On the day that Marcella Tucker was to receive the Congressional Gold Medal in Washington, the 90-year-old woman was resting at home in San Jose, weakened by pneumonia and unable to travel across the country.
Her award, more than 65 years in the making, would have to wait just a little bit longer.

Tucker, one of about 1,000 trailblazing women who became the first female pilots in U.S. history to fly military aircraft, finally received her medal in the mail about three weeks ago.
Monday, Tucker died from complications from pneumonia.

"She said the award is nice but serving in the Army Air Force and flying the planes was worth more than the award could ever cover," said her son, Gary Tucker. "She really loved what she did. She said, "When I was in the sky, I had the whole sky before me. There were not limits to where I could go."

After President Barack Obama last year signed into law a bill to award the Women Airforce Service Pilots with the Congressional Gold Medal, Marcella Tucker sat on the couch in her San Jose home with the Mercury News and reminisced about her military service.

In an effort to address the shortage of pilots during World War II, the Women Airforce Service Pilots (WASP) program was established in 1942. They were assigned to noncombat missions in the United States. Tucker was one of the 25,000 women who answered the military's call for pilots, and was among the 1,830 accepted and less than 1,100 who actually flew missions. She was sent to Howard Hughes Airport in Houston for extensive flight training. After earning her wings, Tucker was stationed at Love Field in Dallas. The female pilots were assigned to 120 bases across America.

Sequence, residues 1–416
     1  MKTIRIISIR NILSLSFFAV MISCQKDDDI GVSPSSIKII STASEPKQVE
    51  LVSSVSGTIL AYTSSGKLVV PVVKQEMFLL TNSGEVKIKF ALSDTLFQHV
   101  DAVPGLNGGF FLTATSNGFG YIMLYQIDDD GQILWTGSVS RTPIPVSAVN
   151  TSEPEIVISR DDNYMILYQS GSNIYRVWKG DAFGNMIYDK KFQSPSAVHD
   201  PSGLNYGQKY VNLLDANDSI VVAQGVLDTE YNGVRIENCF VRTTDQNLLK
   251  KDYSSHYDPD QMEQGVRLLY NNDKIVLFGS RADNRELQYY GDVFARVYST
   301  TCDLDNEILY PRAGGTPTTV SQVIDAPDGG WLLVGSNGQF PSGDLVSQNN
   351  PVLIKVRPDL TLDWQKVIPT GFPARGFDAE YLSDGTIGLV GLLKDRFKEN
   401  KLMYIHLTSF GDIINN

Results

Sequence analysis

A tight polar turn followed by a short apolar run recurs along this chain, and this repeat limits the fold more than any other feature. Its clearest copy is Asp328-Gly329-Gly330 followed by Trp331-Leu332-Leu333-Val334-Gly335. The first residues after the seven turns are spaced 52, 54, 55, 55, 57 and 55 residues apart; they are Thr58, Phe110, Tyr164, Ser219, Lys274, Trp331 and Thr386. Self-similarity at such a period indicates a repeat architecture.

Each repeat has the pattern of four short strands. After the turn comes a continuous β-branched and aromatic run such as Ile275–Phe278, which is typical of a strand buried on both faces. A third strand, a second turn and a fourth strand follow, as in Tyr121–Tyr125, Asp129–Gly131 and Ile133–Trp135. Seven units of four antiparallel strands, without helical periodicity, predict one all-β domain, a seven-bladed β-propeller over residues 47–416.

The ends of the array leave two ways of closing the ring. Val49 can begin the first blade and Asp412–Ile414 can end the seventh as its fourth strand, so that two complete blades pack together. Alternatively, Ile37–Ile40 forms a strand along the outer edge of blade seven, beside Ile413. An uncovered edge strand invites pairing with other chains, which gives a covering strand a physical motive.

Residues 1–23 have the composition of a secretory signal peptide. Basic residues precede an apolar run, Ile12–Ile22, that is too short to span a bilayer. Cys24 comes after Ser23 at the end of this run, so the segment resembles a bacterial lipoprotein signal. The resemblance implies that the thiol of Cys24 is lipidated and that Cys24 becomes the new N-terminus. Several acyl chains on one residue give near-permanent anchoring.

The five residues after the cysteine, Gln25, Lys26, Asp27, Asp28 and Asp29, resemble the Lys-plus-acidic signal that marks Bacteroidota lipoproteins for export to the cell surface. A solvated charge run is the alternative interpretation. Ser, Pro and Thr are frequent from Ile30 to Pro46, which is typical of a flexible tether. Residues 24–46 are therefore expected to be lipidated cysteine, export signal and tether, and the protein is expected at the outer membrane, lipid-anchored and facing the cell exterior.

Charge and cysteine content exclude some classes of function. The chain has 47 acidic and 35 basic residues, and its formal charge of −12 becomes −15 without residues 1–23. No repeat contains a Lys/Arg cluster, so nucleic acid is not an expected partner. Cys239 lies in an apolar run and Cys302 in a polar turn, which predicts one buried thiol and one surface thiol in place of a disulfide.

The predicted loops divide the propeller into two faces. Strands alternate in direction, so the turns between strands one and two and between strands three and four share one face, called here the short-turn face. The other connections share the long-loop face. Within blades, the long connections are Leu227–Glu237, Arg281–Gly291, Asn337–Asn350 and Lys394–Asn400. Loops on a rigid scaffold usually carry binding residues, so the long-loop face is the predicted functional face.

As she looked though her scrapbook in 2009, Tucker pointed to a photo of herself sitting on the wing of a BT-13, a single-engine propeller airplane used to train American pilots during the war. She was 23 at the time.

She recalled her journey from Santa Clara to Love Field in Dallas, where she was assigned for nearly two years and flew a variety of planes, including once co-piloting a B-24 bomber from Dallas to March Field near Riverside.
"It was a wonderful experience because we had orders to go all over: east, west, north and south," Tucker said in the interview. "We picked up airplanes at the factory and delivered them to the training fields."

In the months and weeks before her death, Tucker could still recall specific details about the planes she flew and the missions she completed, her son said. Tucker's orders sometimes required her to deliver light cargo or do a flight check to make sure a plane was fit to be shipped overseas. She said she often would ferry new and repaired airplanes from factories.

After being featured in a Mercury News story in July, Tucker was reunited with a long-lost family friend. Lisa Blake, 33, is the granddaughter of Louesa Thompson Beard, a fellow Airforce Service Pilot and a close friend of Tucker's who passed away 14 years ago. Blake had since lost touch with Tucker.

The two pilots had met in 1977 while organizing a registry of surviving WASP.  "They were best friends for the rest of their lives," Blake said. "I was with them all the time."

In April, when it became apparent that Tucker's medal might not be coming anytime soon, Blake got her hands on a replica and presented it to Tucker in her nursing home. Tucker was amazed to receive the replica and loved the design, Blake said.

"I really felt like it was so important that she get it before she died," Blake said. "It was as though I was able to give to my grandma and to her.  It was a neat experience to share that with her.  It felt like I was sharing that moment with both of them."

Had the official medal ceremony in Washington taken place six months earlier, Tucker surely would have made the trip, her son said. When his mom decided not to make the trip, Gary recalled what she told him:
"I have my memories from my flying. Nothing can take that away from me."

A memorial service will be held for Tucker on Tuesday at 10 a.m. at St. Andrew's Episcopal Church, 13601 Saratoga Ave. in Saratoga.

Contact Mark Gomez at 408-920-5869.
respectfully reposted from the Mercury News
w/ photo added by Wings Across America
Nov. 11, 2010